PORTRUSH, Northern Ireland – Rory McIlroy once perfectly summed up golf’s capricious nature when he said: “Golf is a bit like an exam paper. I like the fact that each day asks different questions of you even though you can be playing on the same course.”
You can tell he grew up playing a lot of links golf. No other form of the game throws up so many different questions, especially since the weather is a huge factor.
No major championship forces competitors to pay closer attention to weather forecasts. Mother Nature often decides who will hoist the old claret jug.
Capricious weather is as much a part of the Open Championship as the giant yellow scoreboards. It’s why the draw is so important. Take the 2016 Open Championship at Royal Troon. McIlroy finished T-5, 16 shots behind Henrik Stenson. McIlroy might have given Stenson a better run if not for his draw. McIlroy teed off at 9:36 a.m. on Thursday, and 2:37 p.m. on Friday. He had atrocious weather. By contrast, Stenson went off at 2:15 p.m. on Thursday and 9:14 a.m. on Friday in far better weather conditions.
Seve Ballesteros unsuccessfully petitioned the R&A for years to institute a two tee start precisely because he felt the weather played too great a part in determining the champion.
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It could be a crucial factor this year, since everyone is playing the course for the first time in an Open Championship. It’s why Tiger Woods’ caddie, Joe LaCava, has spent a lot of time on the course.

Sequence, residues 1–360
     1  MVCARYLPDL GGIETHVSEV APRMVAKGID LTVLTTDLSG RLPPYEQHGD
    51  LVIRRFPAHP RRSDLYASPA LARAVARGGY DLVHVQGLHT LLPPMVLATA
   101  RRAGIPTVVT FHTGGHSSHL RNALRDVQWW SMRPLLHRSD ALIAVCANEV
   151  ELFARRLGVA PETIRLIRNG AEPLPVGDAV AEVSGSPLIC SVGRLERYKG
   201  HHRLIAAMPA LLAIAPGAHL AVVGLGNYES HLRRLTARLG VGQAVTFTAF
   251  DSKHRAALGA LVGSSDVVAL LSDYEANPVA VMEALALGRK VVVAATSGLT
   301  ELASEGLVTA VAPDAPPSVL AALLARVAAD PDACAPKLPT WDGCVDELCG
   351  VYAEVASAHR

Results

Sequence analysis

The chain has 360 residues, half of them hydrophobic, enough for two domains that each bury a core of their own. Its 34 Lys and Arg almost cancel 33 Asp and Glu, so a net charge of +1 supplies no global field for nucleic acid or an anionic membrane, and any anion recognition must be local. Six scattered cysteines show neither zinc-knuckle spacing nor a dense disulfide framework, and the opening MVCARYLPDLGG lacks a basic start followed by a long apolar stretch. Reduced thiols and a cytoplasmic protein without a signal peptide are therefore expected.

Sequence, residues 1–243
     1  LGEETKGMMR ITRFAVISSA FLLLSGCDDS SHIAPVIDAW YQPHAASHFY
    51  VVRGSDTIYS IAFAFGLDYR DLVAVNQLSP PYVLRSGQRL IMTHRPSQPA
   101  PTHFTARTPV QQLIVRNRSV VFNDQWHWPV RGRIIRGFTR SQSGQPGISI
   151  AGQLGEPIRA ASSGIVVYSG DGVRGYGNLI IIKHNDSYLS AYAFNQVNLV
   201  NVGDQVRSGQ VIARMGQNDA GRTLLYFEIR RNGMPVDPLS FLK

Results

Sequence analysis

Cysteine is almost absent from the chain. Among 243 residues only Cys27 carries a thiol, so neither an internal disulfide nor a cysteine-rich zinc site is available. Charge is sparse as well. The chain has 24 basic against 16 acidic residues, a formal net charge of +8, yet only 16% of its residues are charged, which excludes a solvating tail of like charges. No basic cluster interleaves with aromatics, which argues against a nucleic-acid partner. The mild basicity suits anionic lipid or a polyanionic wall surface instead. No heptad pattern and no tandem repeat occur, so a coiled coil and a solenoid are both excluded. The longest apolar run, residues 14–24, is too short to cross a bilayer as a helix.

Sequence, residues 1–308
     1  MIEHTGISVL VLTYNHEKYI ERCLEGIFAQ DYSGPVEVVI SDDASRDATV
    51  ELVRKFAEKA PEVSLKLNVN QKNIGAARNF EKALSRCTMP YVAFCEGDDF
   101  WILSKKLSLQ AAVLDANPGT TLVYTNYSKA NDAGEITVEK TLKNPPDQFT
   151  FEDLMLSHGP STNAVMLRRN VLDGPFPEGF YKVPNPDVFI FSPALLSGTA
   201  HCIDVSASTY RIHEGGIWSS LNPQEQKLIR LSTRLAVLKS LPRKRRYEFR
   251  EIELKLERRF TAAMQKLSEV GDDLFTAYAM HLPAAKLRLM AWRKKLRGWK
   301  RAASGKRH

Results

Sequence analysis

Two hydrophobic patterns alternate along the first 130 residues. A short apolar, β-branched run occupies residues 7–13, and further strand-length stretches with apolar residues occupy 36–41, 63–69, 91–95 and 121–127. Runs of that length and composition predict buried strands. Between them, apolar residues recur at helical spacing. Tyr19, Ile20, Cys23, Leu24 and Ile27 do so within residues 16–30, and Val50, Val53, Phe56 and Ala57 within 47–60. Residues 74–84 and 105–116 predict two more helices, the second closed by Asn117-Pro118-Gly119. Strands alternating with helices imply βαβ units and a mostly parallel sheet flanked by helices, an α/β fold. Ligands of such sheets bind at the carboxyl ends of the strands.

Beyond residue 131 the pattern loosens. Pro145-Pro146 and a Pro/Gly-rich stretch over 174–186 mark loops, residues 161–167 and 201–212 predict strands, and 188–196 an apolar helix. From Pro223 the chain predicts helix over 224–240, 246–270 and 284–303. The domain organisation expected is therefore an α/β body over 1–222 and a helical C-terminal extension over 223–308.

“Joey has done an unbelievable job of getting numbers,” Woods said. “A number of different times because he knows the weather is going to change, the wind is going to change. Our carries are going to be different. Our numbers are going to be different.”
Darren Clarke kicks off Royal Portrush’s return to the Open Championship rota at 6:35 a.m. on Thursday. The 2011 Champion Golfer of the Year knows the part Mother Nature plays in determining a score around his home course.
“The thing about Royal Portrush, because of our location here we do get quite a lot of wind and bad weather,” he said.
“The prevailing wind here is down out of the left on the first. It’s going to be down out of the right or from the right all week. So it’s a totally different wind.”
What U.S. Open champion Gary Woodland has done in practice might bear no resemblance to what he does when the gun goes off on Thursday.
“The wind has been opposite direction than we’re expecting this week.” Woodland said. “I’ve hit a lot of drivers so far. I don’t anticipate doing that much this week.”
Justin Thomas is one for three in cuts made in the Open Championship. He finished 53rd on his 2016 debut. He accepts part responsibility for that record, but acknowledges the intangibles too.
“The weather and the draws that I’ve been in haven’t exactly been ideal,” Thomas said. “Hopefully it will even out or get in my favor sometime. That’s just a part of the Open Championship.”
Thomas goes off at 12:53 p.m. on Thursday and 7:52 a.m. Friday, McIlroy at 10:09 a.m. Thursday and 3:10 p.m. Friday. According to Met Office forecasts, there’s a 70% chance of rain at 10 a.m. on Thursday and it could hang around all day. On Friday too, with a 40% chance of showers starting from 1 p.m. The wind looks like it should blow around 7-15 mph throughout Thursday. The breeze is predicted to be softer on Friday.
The operative words are “predicted to be.” Capricious is far more accurate word. The weather can change in a heartbeat in the Open Championship.
Thomas will be hoping the draw is kinder to him this year, while McIlroy will hope another early/late draw is not a case of Royal Troon déjà vu.